In this case, nothing in the record suggests that the prosecutor was improperly involved in the selection of the grand jurors or in the grand jury’s subsequent decisionmaking process. Instead, the record indicates that the prosecutor dismissed Juror No. 18 outside the presence of other grand jurors after the grand jury heard Juror No. 18 express concern about his own bias. The fact that the prosecutor dismissed Juror No. 18 outside the presence of the other grand jurors does not make the dismissal any less unlawful. But it reduced the likelihood that the independence of the remaining grand jury was impaired. The other members had no reason to think that the prosecutor, as opposed to the foreperson, dismissed Juror No. 18. On the record before us, the foreperson was the only grand juror who could have known that he was not the one who removed Juror No. 18, and even the foreperson did not necessarily know it was the prosecutor who had done so. Avitia therefore has not shown that the error reasonably might have affected the impartiality or independence of the grand jury in an adverse manner.
Dustin v. Superior Court (2002) 99 Cal.App.4th 1311 is distinguishable. The court there held “it was error for the trial court to have placed the burden on defendant to show prejudice as a result of the denial of his right to a transcript of the entire grand jury proceedings.” (Id. at p. 1326.) But the court did so where “[i]n the absence of a transcript, coupled with the fact that no judge or defense representative was present, it is difficult to imagine how a defendant could ever show prejudice.” (Ibid.) Further, the court said the prosecutor apparently excluded a court reporter “for the express purpose of precluding discovery by the defendant of his opening statement and closing argument” and that “the prosecutor’s behavior is relevant in addressing whether dismissal is an appropriate remedy for the failure to provide a complete transcript of the grand jury proceedings.” (Id. at pp. 1323–1324.) No similar circumstance is present here.
Although we conclude that Avitia’s motion fails on the facts before us, we emphasize that prosecutors must be mindful of the dictates of section 939.5 and conform their conduct accordingly. We agree with the New Mexico high court’s admonition that the “entity charged with the actual selection and excusal of grand jurors is of paramount importance to the process. As such, the statutory provisions assigning that role . . . should be seen as mandatory, not directory, because they are critical to ensuring that the process of impaneling a grand jury is impartial and free of unfair influences. [Citations.] [¶] . . . . [¶] The manner in which grand jurors are selected and excused goes to the very heart of how the public views the integrity of the grand jury system. [¶] . . . . [¶] And if the integrity of the grand jury is called into question, there is little hope that the public at large, or the accused in particular, will view the grand jury as capable of returning well-founded indictments or serving as a realistic barrier to an overzealous prosecution.” (De Leon, supra, 316 P.3d at pp. 900–901.) Section 939.5 makes clear that the foreperson, not the prosecutor, has authority to dismiss grand jurors. The prosecutor, who “ ‘ “is in a peculiar and very definite sense the servant of the law” ’ ” (People v. Eubanks (1996) 14 Cal.4th 580, 589), is expected to know the law and to follow it.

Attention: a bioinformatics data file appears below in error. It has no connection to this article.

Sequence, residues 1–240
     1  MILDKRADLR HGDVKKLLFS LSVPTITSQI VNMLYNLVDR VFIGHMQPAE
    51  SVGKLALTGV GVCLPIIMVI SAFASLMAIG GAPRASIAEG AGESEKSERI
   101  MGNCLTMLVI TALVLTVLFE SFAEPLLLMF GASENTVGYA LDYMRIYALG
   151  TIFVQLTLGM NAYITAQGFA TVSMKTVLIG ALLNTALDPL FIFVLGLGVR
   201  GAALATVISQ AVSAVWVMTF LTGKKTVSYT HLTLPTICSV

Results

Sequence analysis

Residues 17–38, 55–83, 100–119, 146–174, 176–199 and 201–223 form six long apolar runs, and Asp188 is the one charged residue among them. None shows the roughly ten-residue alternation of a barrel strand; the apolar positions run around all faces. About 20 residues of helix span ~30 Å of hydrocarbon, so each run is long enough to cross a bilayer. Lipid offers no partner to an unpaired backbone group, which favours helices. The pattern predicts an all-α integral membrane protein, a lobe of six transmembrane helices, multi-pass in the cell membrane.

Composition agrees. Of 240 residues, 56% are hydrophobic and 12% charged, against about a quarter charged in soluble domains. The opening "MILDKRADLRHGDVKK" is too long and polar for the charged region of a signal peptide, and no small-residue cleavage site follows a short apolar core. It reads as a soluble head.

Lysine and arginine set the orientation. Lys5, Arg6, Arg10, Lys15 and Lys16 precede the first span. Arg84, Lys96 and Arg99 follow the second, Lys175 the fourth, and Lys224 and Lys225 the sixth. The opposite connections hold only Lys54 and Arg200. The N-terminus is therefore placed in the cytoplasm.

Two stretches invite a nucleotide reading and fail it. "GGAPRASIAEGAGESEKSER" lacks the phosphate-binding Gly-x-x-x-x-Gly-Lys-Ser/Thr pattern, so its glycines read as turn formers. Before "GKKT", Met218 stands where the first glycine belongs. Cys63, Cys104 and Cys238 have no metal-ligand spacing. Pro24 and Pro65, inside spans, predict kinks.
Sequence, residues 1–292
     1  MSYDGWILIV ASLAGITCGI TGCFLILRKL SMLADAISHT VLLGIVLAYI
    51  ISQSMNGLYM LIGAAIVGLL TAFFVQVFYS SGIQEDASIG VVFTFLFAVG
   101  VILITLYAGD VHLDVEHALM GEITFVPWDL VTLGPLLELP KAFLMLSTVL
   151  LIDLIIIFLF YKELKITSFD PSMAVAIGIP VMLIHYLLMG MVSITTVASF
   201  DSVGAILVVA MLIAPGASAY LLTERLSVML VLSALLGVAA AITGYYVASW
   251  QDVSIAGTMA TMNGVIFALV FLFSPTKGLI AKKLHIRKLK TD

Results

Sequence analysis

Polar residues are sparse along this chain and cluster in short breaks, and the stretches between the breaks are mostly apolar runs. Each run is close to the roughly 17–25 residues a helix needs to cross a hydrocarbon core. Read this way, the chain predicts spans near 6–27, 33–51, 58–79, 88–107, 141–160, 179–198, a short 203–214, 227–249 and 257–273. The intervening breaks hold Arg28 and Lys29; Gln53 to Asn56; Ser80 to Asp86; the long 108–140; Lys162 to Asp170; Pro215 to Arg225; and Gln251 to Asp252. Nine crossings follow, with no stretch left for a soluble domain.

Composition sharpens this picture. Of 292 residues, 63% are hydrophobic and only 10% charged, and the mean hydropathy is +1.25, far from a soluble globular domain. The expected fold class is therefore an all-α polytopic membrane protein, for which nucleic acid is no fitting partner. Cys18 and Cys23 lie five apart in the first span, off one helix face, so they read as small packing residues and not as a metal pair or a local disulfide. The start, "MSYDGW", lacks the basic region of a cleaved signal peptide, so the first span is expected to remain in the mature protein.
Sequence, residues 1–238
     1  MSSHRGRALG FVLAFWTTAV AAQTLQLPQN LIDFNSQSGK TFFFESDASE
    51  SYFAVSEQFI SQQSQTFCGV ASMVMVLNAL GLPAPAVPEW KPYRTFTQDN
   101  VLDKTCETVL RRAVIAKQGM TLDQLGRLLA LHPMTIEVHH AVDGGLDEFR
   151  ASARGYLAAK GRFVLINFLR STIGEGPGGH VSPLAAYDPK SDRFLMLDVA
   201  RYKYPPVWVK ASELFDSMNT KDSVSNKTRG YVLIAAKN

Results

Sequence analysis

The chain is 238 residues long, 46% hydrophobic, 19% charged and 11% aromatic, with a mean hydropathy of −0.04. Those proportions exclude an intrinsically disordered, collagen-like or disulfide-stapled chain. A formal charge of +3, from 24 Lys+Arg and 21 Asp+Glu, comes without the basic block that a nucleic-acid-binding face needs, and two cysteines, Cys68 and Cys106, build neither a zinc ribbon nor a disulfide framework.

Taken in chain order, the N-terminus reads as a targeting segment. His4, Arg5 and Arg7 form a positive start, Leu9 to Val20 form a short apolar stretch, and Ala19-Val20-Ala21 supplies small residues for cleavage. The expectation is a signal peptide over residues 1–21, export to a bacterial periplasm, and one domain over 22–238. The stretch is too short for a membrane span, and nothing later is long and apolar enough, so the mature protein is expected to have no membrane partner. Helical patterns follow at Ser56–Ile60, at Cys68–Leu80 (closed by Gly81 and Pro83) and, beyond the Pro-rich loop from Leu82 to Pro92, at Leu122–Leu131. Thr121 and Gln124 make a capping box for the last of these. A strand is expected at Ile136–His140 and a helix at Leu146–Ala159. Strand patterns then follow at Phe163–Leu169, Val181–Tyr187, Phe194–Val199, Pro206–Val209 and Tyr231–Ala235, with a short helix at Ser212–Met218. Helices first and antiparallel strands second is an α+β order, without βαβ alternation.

We affirm the judgment of the Court of Appeal and vacate the stay we previously imposed.
CANTIL-SAKAUYE, C. J.
AVITIA v. SUPERIOR COURT
Concurring Opinion by Justice Chin
I agree that Penal Code section 995, subdivision (a)(1)(A), permits a motion to dismiss the grand jury indictment on the ground that the prosecutor violated Penal Code section 939.5. I also agree that the superior court correctly denied the motion in this case. But the prosecutor’s action in dismissing the grand juror is not as pernicious as the majority opinion makes it appear.
Although the majority barely acknowledges it, the prosecutor excused a grand juror who was biased against defendant, Leo Brian Avitia. Excusing a grand juror who was biased against a defendant does not violate that defendant’s substantial rights. Nor does it call into question “ ‘the integrity of the grand jury.’ ” (Maj. opn., ante, at p. 18.)
As a result, I do not read today’s opinion as answering the question that both the high court and our state courts have previously avoided answering — whether defendants have a due process right to enforce procedures that ensure the impartiality of a grand jury under pain of dismissal. (Beck v. Washington (1962) 369 U.S. 541, 546; Jackson v. Superior Court (2018) 25 Cal.App.5th 515, 530, review granted Sept. 19, 2018, S250995; Packer v. Superior Court (2011) 201 Cal.App.4th 152, 168-169.) Like those cases, and to an even greater extent here, it is sufficient to state that defendant failed to show he was judged by a biased grand juror.